One of the most tragic tales in Tanach is found in Shoftim 11: the story of Yiftach, his daughter, and his badly worded vow to sacrifice “the first to exit his house” when he arrived home after a victorious battle. Though many commentaries see indications that his daughter – who came running to greet and contratulate him – wasn’t actually killed (but was isolated for the rest of her life), Midrashic tradition generally assumes he literally, though regretfully, sacrificed her.
Some midrashic texts, though, suggest Yiftach shared the blame for his daughter’s death with an unlikely figure.
“And was Pinchas not present, that he could nullify [Yiftach’s] vow? But Pinchas said, “He needs me, and I should go to him?!” And Yiftach said, “I am the head of the leaders of Israel, and I should take myself to Pinchas?!” Between the two of them, that young woman was lost… and they were both punished for her blood.” (Bereishit Rabbah 60:3)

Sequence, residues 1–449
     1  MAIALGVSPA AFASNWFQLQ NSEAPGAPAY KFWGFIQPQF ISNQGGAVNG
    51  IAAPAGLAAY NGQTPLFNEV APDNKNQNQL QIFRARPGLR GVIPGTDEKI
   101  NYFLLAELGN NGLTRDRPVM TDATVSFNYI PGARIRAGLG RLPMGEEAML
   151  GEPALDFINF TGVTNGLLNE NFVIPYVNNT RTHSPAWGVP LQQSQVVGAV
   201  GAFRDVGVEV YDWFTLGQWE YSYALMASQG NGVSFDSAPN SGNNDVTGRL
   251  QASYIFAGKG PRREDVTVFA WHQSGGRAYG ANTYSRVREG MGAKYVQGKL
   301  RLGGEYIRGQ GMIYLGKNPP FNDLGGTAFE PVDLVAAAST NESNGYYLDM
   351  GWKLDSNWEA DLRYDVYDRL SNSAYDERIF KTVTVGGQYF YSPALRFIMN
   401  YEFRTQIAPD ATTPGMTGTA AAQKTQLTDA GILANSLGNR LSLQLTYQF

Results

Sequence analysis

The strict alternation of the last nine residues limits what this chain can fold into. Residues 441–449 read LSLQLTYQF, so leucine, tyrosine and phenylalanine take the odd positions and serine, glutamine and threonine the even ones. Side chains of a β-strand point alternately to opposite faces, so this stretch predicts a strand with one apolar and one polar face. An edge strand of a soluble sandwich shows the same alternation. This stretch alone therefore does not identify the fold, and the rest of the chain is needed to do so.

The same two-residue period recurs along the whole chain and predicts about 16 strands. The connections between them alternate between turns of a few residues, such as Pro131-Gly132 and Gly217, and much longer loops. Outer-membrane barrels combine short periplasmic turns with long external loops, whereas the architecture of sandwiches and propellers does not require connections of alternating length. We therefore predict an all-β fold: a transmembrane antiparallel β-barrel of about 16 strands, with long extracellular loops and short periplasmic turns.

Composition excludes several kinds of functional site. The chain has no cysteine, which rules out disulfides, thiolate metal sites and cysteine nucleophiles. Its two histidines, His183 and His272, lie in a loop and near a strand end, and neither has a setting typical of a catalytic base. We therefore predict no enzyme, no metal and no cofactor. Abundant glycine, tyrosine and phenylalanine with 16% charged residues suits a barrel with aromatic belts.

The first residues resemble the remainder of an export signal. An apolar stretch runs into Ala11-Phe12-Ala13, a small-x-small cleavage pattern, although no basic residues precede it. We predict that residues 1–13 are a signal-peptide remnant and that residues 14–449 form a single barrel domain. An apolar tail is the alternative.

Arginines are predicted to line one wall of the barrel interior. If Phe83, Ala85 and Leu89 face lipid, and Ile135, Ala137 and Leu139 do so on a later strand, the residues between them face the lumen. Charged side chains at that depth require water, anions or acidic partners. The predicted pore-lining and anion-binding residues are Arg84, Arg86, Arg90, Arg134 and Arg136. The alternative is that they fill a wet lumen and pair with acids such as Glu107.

It is remarkable that Pinchas, who is clearly lauded as a hero in the Torah portion that bears his name, could have ultimately been partially responsible for the death of an innocent young woman. Perhaps the midrash, by connecting him to the story of Yiftach’s daughter in this way, is reminding us of the danger of extremes. Pinchas was indeed lauded for his zealous act against Zimri and Cozbi in the desert, but true justice requires not just standing firm on principle but also being willing to compromise when called for.
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